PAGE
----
“Dear White People” — A sophisticated commentary
Nicholas Ottone | Thursday, August 31, 2017
“Dear White People is a misnomer. My show is meant to articulate the feelings of a misrepresented group outside the majority.” Although said by character Sam White about her in-show radio program, this statement could easily apply to Justin Simien’s brilliantly satirical Netflix series, which showcases the perspectives of black students at a predominantly white, elite university. By expertly mixing episodic stories with season-long arcs while inserting incisive character-based jabs at race relations, Simien crafts a series driven by character rather than message, an entertaining rarity that shines as brightly as its characters.
Sparked by a campus blackface party, “Dear White People” chronicles the reactions of various black students, all of whom hold differing perspectives on race. Sam White (Logan Browning), a radical biracial organizer, rails against “the opposition” on her radio show while secretly dating Gabe (John Amedori), her white Media Studies TA. Lionel Higgins (DeRon Horton), a closeted reporter, desperately searches for the truth behind the party and his own identity. Meanwhile, Troy Fairbanks (Brandon P. Bell), the Dean’s son, runs for student body president under a message of unity, moderating his own reaction to appease white voters and his father. Coco Connors (Antoinette Robertson), Sam’s foil in many ways, grasps for power through Troy, seeking to rise above her impoverished childhood and the colorism that has held her back.
The ensemble cast of “Dear White People” is an absolute treat. Horton underplays the series’ larger personalities well, and Robertson is an early highlight — weaponizing Simien’s sharp, barbed dialogue. The “Rashomon”-like structure emphasizes the individual personalities of each character through intense focus and inspiring empathy, thereby undermining any stereotypes previously held by the audience. Throughout the season, Simien constantly seeks new perspectives on issues, sometimes literally as he replays scenarios for different characters. Despite its button-pushing title, this show truly strives for a well-informed, honest conversation about race in America and seeks to break down the barriers to discussion.
At its heart, “Dear White People” is a college show, obsessed with identity and the fascinating contradictions hidden within every person, appropriate considering the search for identity typical of collegiate life. Although didactic at times, the dialogue illuminates character and message in equal measure, highlighting subjects such as colorism, sexuality and white privilege. These heavier moments are counterbalanced by provocative one-liners, bounced about by a game ensemble. Filmed like an indie movie, the visual style remains relatively stable, occasionally giving way to flights of cinematic fancy (as in Gabe’s episode, where he imagines reality in the style of blaxploitation films) or prolonged sequences of wordlessness (as in Lionel’s stint at a theater party, which takes advantage of Horton’s incredibly expressive face).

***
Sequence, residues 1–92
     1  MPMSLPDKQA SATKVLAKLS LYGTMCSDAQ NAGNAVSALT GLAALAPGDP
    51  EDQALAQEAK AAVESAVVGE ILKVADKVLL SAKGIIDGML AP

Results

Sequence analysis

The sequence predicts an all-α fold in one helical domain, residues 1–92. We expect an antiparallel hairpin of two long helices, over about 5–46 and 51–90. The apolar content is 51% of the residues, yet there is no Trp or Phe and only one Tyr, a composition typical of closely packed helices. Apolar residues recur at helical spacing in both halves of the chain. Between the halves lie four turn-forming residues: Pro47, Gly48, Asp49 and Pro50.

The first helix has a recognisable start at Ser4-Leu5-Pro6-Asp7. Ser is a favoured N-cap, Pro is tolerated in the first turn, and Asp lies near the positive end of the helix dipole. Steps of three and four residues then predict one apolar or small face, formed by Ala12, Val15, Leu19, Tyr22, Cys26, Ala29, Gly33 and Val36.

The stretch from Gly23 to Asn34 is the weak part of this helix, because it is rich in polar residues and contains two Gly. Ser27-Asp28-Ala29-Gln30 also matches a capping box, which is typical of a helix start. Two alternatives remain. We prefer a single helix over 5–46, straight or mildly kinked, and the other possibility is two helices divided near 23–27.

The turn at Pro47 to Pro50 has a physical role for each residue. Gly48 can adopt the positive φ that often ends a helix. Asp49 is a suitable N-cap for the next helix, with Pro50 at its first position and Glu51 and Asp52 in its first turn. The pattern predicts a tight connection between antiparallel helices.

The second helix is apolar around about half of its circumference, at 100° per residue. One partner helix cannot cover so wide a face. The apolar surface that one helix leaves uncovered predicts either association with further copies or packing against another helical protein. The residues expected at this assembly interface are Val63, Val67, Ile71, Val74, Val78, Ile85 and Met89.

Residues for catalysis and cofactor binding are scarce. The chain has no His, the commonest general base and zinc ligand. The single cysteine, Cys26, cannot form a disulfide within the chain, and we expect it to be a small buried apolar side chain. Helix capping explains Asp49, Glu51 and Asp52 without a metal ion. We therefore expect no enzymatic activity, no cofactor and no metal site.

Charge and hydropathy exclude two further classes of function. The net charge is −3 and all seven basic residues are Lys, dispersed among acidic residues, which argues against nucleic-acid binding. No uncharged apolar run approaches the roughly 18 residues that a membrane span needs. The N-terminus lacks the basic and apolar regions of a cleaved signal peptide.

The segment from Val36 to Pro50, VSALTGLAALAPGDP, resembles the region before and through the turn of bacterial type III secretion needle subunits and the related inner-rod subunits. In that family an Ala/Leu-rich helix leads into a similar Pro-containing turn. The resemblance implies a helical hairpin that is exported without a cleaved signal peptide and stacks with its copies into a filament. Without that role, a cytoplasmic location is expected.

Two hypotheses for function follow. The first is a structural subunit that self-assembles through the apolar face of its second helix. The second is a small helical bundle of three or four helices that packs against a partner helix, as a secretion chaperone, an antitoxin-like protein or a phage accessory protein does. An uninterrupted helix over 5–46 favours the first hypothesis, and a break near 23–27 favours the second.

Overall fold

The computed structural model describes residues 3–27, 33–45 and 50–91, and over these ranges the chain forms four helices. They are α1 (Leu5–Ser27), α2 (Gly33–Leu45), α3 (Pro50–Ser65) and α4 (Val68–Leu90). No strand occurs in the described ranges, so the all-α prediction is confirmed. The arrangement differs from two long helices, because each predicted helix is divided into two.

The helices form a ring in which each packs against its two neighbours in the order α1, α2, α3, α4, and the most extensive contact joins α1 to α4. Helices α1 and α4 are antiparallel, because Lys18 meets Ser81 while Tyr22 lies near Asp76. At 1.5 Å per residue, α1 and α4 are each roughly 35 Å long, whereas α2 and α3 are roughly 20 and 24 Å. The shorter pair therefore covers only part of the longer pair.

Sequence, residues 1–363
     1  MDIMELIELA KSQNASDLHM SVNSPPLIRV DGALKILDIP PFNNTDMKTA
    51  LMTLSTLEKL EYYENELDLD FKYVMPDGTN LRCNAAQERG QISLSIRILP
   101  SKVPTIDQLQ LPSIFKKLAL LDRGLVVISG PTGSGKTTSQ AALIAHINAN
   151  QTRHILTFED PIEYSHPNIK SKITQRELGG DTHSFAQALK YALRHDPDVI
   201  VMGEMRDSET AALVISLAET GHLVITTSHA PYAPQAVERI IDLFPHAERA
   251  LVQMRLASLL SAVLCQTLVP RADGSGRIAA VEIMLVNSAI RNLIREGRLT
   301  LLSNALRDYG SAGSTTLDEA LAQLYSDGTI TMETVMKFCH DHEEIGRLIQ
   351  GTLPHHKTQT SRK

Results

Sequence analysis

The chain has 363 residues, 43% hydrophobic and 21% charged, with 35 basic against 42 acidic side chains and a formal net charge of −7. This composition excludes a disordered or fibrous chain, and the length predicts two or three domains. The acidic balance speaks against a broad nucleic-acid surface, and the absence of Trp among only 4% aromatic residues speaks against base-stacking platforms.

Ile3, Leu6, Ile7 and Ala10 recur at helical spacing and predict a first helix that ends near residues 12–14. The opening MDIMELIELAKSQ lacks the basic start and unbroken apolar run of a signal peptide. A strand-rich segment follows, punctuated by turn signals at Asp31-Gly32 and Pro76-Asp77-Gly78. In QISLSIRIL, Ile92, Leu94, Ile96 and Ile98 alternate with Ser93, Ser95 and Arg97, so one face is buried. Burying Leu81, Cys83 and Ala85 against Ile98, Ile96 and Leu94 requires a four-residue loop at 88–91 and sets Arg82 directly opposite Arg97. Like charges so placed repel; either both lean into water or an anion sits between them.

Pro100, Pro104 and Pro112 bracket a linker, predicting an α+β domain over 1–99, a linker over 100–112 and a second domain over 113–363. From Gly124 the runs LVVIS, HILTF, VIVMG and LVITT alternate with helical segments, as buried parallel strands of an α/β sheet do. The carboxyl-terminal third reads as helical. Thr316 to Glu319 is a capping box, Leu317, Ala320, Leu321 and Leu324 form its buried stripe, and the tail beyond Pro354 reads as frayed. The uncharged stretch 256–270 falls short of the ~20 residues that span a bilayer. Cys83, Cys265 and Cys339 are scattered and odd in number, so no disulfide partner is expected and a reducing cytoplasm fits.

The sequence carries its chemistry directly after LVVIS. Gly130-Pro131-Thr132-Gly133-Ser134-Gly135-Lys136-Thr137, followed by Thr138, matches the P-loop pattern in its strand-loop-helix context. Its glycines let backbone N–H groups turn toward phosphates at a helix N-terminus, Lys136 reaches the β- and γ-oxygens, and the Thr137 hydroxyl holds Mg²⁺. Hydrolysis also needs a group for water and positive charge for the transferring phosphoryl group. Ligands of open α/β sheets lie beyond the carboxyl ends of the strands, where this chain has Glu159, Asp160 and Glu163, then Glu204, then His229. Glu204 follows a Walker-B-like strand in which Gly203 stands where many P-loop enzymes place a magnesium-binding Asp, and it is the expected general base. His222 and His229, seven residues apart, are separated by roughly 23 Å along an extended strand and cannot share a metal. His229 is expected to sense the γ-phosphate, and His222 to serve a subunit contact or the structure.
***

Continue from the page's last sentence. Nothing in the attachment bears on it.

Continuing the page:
The strongest entry of the ten-episode season is Chapter V, which centers around Reggie Green (Marque Richardson), an activist and computer whiz. Directed by Barry Jenkins of “Moonlight” fame, the episode follows Reggie and other black students as they walk around campus and talk. It showcases the show’s impressive bench of supporting characters and deftly builds upon existing narrative strands to illuminate Reggie’s psychology. The episode culminates in a house party, which comfortably slides from drunken trivia to dancing and then, surprisingly, a fight about the n-word. When the police arrive, the show, normally so talkative and quick, slows to a halt; quiets to a whisper. The officer draws his gun. We see the confidence in Reggie’s eyes displaced by mortal terror. “Dear White People” portrays this event with startling reality, delivering on the topicality promised by evocations of Sandra Bland and Trayvon Martin in a chilling monologue in the first episode. Yet the beautifully developed, empathetic groundwork of the series delivers this horror with more startling immediacy.
Every episode of the first season ends with its main character breaking the fourth wall and staring straight into the camera. We have watched their world rebuild and crumble while they struggle with questions of identity. Now, the characters implore us to look through our own eyes at the mess we have made. “Dear White People” is an eminently watchable series that provokes laughter and thought in equal measure, quickly making it one of the most memorable shows of 2017.
5 out of 5 Shamrocks